They were my aunt and uncle; I loved them deeply, although both were mad as pants. I regretted not seeing Mycroft most of all. I hadn't returned to my hometown for many years and I didn't see my family as often as I should.
"Your mother and I think it might be a good idea for you to come home for a bit. She thinks you take work a little too seriously."
"That's a bit rich, Dad, coming from you."
"Ouch-that-hurt. How's your history?"
"Do you know how the Duke of Wellington died?"
"Sure," I answered. "He was shot by a French sniper during the opening stages of the Battle of Waterloo. Why?"
"Oh, no reason," muttered my father with feigned innocence, scribbling in a small notebook. He paused for a moment.
"So Napoleon won at Waterloo, did he?" he asked slowly and with great intensity.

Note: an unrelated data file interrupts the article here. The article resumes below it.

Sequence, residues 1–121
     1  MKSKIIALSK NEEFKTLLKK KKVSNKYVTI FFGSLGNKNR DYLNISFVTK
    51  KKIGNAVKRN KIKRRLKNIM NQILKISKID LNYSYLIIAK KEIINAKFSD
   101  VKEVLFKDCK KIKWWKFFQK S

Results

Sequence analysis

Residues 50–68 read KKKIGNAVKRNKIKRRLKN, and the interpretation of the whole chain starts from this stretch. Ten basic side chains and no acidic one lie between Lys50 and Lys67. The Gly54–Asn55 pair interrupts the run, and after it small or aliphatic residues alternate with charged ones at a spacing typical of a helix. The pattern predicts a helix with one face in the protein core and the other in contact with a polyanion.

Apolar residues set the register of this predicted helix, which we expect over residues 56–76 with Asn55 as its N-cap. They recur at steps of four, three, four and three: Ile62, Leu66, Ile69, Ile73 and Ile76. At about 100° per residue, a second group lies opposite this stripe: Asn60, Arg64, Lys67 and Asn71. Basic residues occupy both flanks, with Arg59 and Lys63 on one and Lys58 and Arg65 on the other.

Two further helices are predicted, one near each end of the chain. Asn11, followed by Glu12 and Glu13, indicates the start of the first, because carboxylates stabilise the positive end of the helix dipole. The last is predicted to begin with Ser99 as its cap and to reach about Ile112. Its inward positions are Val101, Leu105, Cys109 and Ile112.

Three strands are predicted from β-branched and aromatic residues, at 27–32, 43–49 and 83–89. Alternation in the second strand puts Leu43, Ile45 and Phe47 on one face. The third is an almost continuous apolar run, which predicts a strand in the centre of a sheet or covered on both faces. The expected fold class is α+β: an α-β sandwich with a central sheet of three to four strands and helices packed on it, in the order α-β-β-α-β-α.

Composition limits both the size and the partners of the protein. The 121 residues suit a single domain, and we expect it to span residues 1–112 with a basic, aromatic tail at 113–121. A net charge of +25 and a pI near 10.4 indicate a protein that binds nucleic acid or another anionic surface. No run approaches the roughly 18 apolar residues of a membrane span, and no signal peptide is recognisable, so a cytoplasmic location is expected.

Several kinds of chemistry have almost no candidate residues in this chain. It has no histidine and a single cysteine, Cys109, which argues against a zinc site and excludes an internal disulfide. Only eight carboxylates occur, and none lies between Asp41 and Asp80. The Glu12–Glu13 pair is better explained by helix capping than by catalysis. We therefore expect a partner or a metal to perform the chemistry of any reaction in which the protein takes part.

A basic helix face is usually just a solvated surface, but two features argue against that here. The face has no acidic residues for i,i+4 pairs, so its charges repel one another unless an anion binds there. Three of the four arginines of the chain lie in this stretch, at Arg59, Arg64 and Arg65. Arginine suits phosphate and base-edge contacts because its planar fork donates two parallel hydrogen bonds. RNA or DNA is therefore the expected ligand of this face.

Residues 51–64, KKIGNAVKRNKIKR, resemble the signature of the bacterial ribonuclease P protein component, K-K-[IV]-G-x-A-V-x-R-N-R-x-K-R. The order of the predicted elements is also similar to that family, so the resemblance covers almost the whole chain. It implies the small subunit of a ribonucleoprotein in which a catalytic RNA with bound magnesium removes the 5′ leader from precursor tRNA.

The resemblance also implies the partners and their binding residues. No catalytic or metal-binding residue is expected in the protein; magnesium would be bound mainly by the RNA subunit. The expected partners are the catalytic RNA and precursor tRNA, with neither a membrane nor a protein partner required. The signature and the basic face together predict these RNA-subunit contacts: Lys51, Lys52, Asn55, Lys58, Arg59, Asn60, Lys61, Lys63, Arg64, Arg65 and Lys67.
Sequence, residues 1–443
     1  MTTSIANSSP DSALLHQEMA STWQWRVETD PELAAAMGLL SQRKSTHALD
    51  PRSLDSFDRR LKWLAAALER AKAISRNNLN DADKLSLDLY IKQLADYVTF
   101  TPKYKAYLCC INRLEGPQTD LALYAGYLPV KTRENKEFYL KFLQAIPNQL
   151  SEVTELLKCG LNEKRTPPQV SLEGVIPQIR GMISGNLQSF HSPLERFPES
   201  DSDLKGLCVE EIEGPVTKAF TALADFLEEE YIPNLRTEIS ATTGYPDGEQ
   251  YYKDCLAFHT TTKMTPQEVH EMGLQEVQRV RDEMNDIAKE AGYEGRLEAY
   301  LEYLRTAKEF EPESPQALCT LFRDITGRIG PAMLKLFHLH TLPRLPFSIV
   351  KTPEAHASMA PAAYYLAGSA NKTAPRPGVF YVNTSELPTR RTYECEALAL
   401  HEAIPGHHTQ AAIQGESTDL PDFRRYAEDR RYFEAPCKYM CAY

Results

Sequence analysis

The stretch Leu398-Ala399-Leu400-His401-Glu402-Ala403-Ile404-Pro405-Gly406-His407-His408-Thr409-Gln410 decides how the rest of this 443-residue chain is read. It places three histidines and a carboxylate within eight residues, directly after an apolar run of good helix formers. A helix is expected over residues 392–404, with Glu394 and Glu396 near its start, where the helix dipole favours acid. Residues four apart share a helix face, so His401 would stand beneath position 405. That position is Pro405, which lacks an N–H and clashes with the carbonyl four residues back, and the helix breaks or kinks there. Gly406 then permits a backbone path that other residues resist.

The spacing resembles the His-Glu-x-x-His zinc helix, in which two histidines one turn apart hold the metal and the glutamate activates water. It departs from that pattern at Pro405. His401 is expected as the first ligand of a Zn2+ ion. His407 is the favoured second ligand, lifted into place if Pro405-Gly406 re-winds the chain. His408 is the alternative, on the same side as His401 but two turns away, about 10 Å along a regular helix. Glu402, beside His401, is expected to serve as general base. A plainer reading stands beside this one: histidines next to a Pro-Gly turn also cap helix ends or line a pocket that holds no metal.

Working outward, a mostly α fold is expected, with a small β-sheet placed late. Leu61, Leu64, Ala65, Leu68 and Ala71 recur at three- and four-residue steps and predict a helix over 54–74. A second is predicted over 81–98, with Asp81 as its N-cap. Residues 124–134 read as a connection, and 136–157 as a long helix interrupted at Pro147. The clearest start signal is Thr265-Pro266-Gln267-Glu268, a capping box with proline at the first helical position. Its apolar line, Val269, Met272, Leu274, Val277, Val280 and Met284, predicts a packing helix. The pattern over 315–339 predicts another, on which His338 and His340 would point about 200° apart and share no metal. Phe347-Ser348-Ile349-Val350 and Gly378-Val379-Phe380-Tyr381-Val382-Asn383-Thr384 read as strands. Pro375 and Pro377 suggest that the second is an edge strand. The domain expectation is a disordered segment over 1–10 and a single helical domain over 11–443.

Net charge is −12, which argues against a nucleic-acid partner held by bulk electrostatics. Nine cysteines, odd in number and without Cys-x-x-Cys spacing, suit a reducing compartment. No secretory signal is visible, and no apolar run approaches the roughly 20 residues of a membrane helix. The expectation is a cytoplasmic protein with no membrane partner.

"Of course not," I replied. "Field Marshal Blücher's timely intervention saved the day."
I narrowed my eyes.
"This is all O-level history, Dad. What are you up to?"
"Well, it's a bit of a coincidence, wouldn't you say?"
"Nelson and Wellington, two great English national heroes both being shot early on during their most important and decisive battles."
"What are you suggesting?"
"That French revisionists might be involved."
"But it didn't affect the outcome of either battle," I asserted. "We still won on both occasions!"
"I never said they were good at it."
"That's ludicrous!" I scoffed. "I suppose you think the same revisionists had King Harold killed in 1066 to assist the Norman invasion!"
But Dad wasn't laughing. He replied with some surprise:
"Harold? Killed? How?"
"An arrow, Dad. In his eye."
"English or French?"
"History doesn't relate," I replied, annoyed at his bizarre line of questioning.
"In his eye, you say?- Time is out of joint," he muttered, scribbling another note.
"What's out of joint?" I asked, not quite hearing him.
"Nothing, nothing. Good job I was born to set it right-"